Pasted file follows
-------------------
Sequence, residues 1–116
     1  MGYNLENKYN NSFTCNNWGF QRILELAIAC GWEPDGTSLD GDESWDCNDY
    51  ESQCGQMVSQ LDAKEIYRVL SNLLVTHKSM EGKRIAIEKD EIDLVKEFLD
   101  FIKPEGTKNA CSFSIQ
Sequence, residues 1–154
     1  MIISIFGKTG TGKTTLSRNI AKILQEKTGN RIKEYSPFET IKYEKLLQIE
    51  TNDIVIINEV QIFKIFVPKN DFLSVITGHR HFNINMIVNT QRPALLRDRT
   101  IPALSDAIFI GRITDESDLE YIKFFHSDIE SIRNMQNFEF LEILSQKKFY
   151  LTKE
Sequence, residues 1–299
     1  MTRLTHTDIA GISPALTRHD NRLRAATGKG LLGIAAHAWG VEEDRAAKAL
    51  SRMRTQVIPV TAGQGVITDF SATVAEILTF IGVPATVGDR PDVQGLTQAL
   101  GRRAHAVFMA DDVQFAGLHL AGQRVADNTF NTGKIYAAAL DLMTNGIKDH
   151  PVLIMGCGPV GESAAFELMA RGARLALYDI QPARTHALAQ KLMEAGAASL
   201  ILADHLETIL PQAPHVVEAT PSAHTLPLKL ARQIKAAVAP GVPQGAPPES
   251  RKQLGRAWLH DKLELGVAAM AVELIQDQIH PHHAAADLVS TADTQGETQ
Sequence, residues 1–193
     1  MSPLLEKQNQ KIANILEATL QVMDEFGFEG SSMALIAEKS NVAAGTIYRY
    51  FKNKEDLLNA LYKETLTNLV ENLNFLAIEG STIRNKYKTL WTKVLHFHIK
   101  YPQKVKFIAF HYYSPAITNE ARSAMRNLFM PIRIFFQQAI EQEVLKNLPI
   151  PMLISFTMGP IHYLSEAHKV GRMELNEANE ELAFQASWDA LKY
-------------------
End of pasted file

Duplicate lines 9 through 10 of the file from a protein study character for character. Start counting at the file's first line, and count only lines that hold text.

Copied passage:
   151  LTKE
Sequence, residues 1–299